The Edgar Hernandez swine flu statue in La Gloria, Mexico

Behold, the Bronze Swine Flu Statue of Mexico

Behold, the Bronze Swine Flu Statue of Mexico

Atlas Obscura
Your Guide to the World's Hidden Wonders
Feb. 5 2015 1:38 PM

Little Boy Zero: The Swine Flu Statue of Mexico

The statue depicting Edgar Hernandez, the five-year-old boy regarded as patient zero of the 2009 H1N1 epidemic.

Photo by Pablo Spencer/AFP/Getty Images

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Located 120 miles east of Mexico City, the tiny town of La Gloria—population 2,300—is home to a bronze statue of a little boy named Edgar Hernandez. Standing four-foot-three and clad in shorts, a t-shirt, and sneakers, the statue holds a frog in its right hand. This frog, symbolizing one of the seven deadly plagues, also represents swine flu—Hernandez was four when he survived the earliest documented case of H1N1 in April 2009.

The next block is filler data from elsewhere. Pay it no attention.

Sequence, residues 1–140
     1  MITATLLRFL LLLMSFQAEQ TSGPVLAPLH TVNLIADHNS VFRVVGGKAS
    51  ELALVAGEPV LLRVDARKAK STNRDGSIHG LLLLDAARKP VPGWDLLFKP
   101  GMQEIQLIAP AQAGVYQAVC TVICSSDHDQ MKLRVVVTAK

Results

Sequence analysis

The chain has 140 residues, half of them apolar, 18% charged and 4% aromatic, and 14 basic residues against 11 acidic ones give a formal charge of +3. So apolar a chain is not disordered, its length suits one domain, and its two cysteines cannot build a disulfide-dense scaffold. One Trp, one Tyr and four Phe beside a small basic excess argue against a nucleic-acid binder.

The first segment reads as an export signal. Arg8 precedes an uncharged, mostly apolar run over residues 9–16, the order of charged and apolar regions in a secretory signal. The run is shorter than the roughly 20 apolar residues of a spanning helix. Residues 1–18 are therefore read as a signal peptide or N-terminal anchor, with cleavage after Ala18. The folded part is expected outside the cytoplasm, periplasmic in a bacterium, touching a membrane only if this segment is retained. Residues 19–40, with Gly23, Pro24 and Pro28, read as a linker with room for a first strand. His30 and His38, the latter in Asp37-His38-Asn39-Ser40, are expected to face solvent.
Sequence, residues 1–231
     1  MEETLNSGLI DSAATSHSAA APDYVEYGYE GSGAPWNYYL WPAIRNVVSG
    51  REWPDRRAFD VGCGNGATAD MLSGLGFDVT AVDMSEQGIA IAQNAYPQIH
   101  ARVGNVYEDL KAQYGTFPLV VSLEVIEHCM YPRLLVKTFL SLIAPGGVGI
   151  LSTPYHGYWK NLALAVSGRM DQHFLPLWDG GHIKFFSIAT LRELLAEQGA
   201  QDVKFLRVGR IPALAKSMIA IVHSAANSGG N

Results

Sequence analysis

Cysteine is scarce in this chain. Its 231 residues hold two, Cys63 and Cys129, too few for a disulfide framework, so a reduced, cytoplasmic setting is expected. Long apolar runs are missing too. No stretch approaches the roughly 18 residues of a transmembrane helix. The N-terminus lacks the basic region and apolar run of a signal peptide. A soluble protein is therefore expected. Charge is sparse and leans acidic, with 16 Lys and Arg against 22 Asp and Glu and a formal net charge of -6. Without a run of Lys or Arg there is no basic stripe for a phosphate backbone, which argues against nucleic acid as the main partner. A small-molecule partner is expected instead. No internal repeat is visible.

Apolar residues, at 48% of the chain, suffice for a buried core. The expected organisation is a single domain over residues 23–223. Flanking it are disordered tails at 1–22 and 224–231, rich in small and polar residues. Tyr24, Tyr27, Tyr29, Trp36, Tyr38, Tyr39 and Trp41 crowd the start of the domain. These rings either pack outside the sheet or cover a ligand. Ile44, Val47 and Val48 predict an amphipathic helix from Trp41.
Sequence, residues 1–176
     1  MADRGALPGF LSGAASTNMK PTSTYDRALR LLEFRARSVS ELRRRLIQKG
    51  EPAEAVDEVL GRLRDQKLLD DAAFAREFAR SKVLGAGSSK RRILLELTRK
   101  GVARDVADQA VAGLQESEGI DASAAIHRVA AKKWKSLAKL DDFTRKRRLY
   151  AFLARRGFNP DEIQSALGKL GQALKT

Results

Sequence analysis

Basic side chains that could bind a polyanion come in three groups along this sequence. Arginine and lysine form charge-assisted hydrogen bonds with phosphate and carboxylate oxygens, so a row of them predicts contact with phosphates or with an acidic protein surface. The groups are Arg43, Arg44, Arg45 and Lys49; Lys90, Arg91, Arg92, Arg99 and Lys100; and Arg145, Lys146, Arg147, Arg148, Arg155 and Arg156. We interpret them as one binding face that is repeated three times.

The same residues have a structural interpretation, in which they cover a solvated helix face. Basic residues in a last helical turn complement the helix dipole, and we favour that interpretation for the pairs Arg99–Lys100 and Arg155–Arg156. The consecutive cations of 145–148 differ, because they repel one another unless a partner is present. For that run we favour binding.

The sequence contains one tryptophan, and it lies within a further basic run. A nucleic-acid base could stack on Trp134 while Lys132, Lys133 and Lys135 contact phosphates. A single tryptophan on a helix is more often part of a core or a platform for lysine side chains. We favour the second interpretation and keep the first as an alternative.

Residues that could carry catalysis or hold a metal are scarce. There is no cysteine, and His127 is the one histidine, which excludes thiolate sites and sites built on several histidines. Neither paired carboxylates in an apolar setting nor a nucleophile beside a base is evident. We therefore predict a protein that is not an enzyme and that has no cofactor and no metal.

Guided by the belief that La Gloria's swine flu fame could bring a tourism boom, then Veracruz governor Fidel Herrera Beltran unveiled the statue in August 2009—at the height of the global pandemic that killed an estimated 151,700 to 575,400 people worldwide in a year, according to the CDC. The bronza figure is modeled after Belgium's inexplicably popular urinating toddler statue, Manneken Pis. There's a reason for the resemblance—according to Beltran, Hernandez's recovery from swine flu caused people to believe his urine had healing powers, and the boy would often be followed to the bathroom.


Thus far, La Gloria's H1N1 statue has not generated a steady stream of swine flu tourists.

Edgar Hernandez in April 2010.

Photo by LUIS ACOSTA/AFP/Getty Images

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Ella Morton is a writer working on The Atlas Obscura, a book about global wonders, curiosities, and esoterica adapted from Atlas Obscura. Follow her on Twitter.